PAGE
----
Its censorship powers bolstered by a new Supreme Court decision, the CIA is seeking court action against the authors of other unauthorized books about its activities, sources said yesterday.
Even before the Supreme Court ruling, which was handed down Tuesday, the Justice Department had filed suit against former CIA officer Philip Agee to confiscate the profits of two controversial books he helped write, exposing the names of CIA agents in Western Europe and Africa.
Sources said the government is considering similar suits against other authors in the wake of the high court decision. CIA officials refused to comment.
"I don't want to prejudice any litigation," CIA Deputy Director Frank Carlucci told a reporter yesterday afternoon following an appearance before a House subcommittee.
In the touchstone case, involving a book by former CIA agent Frank Snepp that admittedly contained no classified information, the Supreme Court held that the government can severely restrict the release of information bearing on national security by employes and former employes, even if no secret material is involved.
Calls for still more secrecy reverberated on Capitol Hill yesterday. In his testimony before the House government information subcommittee, Carlucci assailed the law that makes CIA files subject to public scrutiny under the Freedom of Information Act.
Meanwhile, at another hearing before a House Foreign Affairs subcommittee, Sen. Barry Goldwater (R-Ariz.), appearing as a witness, urged that journalists who publish sensitive national security information be tried for treason.
Goldwater's ire was provoked by articles in last Friday's editions of The Washington Post and last Saturday's New York Times reporting on secret U.S. arms shipments to Afghan rebels that were started last month.
"I feel it's very treasonable for any media in this country to come out with chapter and verse about what we heard in top secret hearings just 2 1/2 weeks ago," the Arizona senator protested. "I think that has to be stopped. . . . I think that's abuse of freedom of the press and I don't have any respect for publications that do that because they are tearing down the security of our nation."
Rep. Dan Quayle (R-Ind.), a former newspaper reporter, was the only subcommittee member to challenge Goldwater's testimony.
"I'm a little concerned about your proposals for sanctions against the press rather than against blabbermouth bureaucrats . . . They're the ones who are responsible," Quayle told him.
CIA Director Stansfield Turner, who testified later, maintained that the agency has no effective legislation it can use to punish, let along find out, who the leakers are. All he can do at present, he said, is dismiss offending employes.
The Foreign Affairs subcommittee hearing had been convened to discuss the role of intelligence and foreign policy, but it was dominated by Goldwater's denunciation's. The vice chairman of the Senate Intelligence Committee, which prides itself on assumptions that it is leak-proof, Goldwater sought repeatedly to claim that "99 percent" of sensitive leaks come from the executive branch rather than Congress.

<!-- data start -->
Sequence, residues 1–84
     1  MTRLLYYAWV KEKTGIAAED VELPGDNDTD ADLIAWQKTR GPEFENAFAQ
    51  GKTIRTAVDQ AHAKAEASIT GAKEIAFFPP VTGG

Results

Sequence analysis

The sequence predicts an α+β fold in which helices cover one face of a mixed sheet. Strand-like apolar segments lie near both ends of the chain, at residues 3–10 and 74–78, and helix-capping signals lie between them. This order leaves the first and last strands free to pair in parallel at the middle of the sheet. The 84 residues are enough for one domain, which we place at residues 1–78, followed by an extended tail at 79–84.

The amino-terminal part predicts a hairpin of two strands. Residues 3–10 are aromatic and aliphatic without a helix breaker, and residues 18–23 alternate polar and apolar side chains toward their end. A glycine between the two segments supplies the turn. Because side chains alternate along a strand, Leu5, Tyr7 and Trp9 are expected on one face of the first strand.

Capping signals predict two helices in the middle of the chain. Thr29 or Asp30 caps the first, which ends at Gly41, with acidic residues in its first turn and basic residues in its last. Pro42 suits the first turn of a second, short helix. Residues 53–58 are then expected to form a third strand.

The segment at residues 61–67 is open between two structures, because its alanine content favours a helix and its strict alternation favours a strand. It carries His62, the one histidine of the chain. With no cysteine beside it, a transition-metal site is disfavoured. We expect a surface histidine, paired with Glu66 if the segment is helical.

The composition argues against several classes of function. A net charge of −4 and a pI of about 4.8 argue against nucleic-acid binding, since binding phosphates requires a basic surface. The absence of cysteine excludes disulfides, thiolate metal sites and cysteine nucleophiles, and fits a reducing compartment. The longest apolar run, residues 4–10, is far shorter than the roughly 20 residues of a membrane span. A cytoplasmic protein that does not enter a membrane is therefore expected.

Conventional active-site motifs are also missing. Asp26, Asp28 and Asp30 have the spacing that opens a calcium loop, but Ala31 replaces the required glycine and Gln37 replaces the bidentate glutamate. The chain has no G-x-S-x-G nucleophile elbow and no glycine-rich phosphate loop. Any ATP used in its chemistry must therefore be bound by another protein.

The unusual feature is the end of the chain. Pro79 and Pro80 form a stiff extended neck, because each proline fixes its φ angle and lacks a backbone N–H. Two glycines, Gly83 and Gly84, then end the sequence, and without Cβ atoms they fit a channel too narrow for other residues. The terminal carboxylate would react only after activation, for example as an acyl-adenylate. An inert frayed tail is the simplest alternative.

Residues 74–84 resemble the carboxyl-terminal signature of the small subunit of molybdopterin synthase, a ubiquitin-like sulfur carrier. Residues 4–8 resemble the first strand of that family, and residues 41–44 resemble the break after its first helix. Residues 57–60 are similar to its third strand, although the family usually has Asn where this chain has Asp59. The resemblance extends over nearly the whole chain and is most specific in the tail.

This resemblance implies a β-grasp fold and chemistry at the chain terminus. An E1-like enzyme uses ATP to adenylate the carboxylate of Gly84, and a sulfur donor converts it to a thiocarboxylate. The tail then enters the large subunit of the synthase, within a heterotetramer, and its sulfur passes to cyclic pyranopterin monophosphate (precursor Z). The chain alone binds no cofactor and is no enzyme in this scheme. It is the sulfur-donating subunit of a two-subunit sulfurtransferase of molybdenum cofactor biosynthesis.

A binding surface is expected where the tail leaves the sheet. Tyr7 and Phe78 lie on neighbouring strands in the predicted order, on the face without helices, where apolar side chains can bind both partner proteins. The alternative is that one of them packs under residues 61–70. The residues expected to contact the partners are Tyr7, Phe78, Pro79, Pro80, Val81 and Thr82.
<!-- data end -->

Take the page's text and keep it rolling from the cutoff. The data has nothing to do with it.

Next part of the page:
The Carter administration, however, is seeking charter legislation for the CIA that would sharply cut back the number of congressional committees that must be notified of covert activities such as the Afghan arms shipments. The administration is also unwilling to guarantee by law to share CIA secrets with the two committees that would continue to supervise the agency: the Senate and House Intelligence panels.
House Intelligence Committee Chairman Edward P. Boland (D-Mass.) suggested in his testimony yesterday afternoon that this was carrying the secrecy drive too far.
If congressional oversight of the intelligence community is to be limited to only two committees, Boland said he regards it as essential that those two committees be entitled by law to whatever information they want. ". . . (T)he right of full access, in my view, is the most important part of any legislation otherwise restricting congressional oversight," Boland said. "If we must protect secrets by new legislation, we must also guarantee that the Congress has knowledge of those secrets."
In his parallel appearance before the House government information subcommittee, Carlucci took the position that the congressional oversight now afforded by the Senate and House Intelligence Committees was more than adequate to make up for the loss of public scrutiny under the Freedom of Information Act.
Carlucci acknowledged that the Freedom of Information Act had "perhaps unfairly" come to be tagged as the source of improper disclosures. But he maintained the law still needs to be changed, primarily because the CIA has been unable to convince many of its foreign agents and other sources that they have nothing to fear from it. He called the "perception" more important than the reality because in intelligence work, he contended, "the perception is the reality."
Forced to comply with the Freedom of Information Act in 1974 by a series of congressional amendments, the CIA is seeking a change that would put most of its operational files beyond the reach of the law and thus of the courts, which enforce it.
It could not be ascertained what books about the CIA are the likeliest targets of new lawsuits. As the result of the Supreme Court decision, Snepp will have to give up all earnings from his book, "Decent Interval," and submit all future writings for CIA screening. The government is seeking the same remedy against Agee for his books, "Dirty Work: The CIA in Western Europe," which was published in 1978, and the just-released, "Dirty Work II: the CIA in Africa."